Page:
Friday, March 7, 2008

Who's your daddy??

For the majority of the population the term father and dad are used interchangeably, however, for children and adults conceived from anonymous sperm donors, these two have very different meanings.  I have a dad but I also have a father, and while it may seem impossible to some, they are two different people. 

My dad has raised me as his own since I was four years old (when my parents married) and later legally adopted me, and I would never see another man as my dad but him.  He may not have been the best dad in the world, but he tried his best to accept me as his own (my half-sisters are his biological children), and treated me no different from my sisters.  We may not have had the best relationship in the past 19 years, and like most teenagers I’ll admit I have hated him at times.  But he’s still my dad.  Yet, one thing he never could be to me is my father.  That right is reserved for the man who brought me life; and whether or not I ever have the chance of meeting him, he still holds that place in my heart and mind.

Many people expect us to refer to our biological fathers as our donors; and colloquially we often do simply because it is easier than explaining the significance of terminology.  However, they are not our donors.  They donated their sperm to our mothers, not to us.  Using the term ‘donor’ attempts to desensitize the impact of their decisions and refrain from acknowledging that they are in fact biologically related to us.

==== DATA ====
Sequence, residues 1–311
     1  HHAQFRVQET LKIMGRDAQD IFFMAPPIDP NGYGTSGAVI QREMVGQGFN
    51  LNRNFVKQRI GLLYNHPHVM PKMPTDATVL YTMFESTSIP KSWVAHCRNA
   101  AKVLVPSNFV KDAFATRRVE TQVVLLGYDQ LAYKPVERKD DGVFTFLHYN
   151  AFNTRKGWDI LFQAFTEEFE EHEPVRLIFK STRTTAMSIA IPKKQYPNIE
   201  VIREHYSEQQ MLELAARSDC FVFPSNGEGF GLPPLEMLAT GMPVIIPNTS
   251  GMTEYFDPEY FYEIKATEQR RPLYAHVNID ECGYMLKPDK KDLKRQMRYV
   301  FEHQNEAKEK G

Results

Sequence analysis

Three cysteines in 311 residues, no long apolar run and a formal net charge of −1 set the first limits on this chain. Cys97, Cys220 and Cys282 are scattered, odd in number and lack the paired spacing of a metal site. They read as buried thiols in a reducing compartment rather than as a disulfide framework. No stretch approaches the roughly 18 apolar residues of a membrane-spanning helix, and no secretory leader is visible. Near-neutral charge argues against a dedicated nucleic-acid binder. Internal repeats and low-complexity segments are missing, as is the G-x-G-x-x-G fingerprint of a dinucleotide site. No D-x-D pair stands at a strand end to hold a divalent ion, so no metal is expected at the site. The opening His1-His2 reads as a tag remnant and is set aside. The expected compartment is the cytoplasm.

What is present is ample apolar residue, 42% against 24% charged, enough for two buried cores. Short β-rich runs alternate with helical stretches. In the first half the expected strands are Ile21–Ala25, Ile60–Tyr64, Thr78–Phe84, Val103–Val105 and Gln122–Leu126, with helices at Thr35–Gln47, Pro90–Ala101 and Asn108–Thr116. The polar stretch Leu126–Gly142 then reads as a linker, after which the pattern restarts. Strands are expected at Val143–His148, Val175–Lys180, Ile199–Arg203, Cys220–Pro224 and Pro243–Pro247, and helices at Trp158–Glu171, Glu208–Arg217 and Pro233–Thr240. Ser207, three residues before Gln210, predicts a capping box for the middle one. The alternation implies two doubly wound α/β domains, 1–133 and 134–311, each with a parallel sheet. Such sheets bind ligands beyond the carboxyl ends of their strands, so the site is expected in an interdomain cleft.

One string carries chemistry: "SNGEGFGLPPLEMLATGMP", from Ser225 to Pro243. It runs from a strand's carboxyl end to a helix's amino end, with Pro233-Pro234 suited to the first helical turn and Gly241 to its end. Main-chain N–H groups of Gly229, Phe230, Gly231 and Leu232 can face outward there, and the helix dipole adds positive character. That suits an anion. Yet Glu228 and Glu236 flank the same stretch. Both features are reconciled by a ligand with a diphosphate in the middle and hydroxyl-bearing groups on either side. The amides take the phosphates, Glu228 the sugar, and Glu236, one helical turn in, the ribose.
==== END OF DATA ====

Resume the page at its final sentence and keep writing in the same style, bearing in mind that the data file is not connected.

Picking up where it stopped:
A company called Family Evolutions ( has begun selling children’s merchandise that bears the saying “My daddy’s name is donor.”  The motivation behind these t-shirts according the company founders is to empower donor-conceived children and therefore these children will not miss this intrinsic loss.  Since everything always places the rights of the adults before the children, these kids are now being brought up to conform to a stereotype that the deliberate loss of a father does not cause maladjustment and donor conceived kids are just peachy about their situation! 

Those of us who have spoken out to negate this image are ostracized and silenced, insulted and put in the box of “emotionally instable”, which of course must be the only explanation for our grief!  The rights of the infertile, the gay, the single, and the donors continually trump our rights.  We were not present at our conception to sign a confidentiality agreement, so how is it that we seem to be bound by one??        


Veronica Thomas said...

Lindsay, thank you for speaking up. While the infertility industry and many infertile people may try to suppress your views, the fact is that they ARE listening. They cannot help but listen.

The whole infertility industry is built on the claim that there is no harm to the resulting children. Well, here you are, proving them wrong. You shatter their well-rehearsed self-affirmations about the goodness or harmlessness of the infertility industry.

So, they cannot help but hear you. They have no way to effectively silence you, because you know what you are talking about, it is your own life. They can't tell you that you don't know how happy DI children really are - you ARE one of these children. Your voice is actually STRONGER and more important then their voices.

So, please keep speaking up! You can make a difference in the fight for children's basic human rights.

Anonymous said...

Great blog, Lindsay. Well done.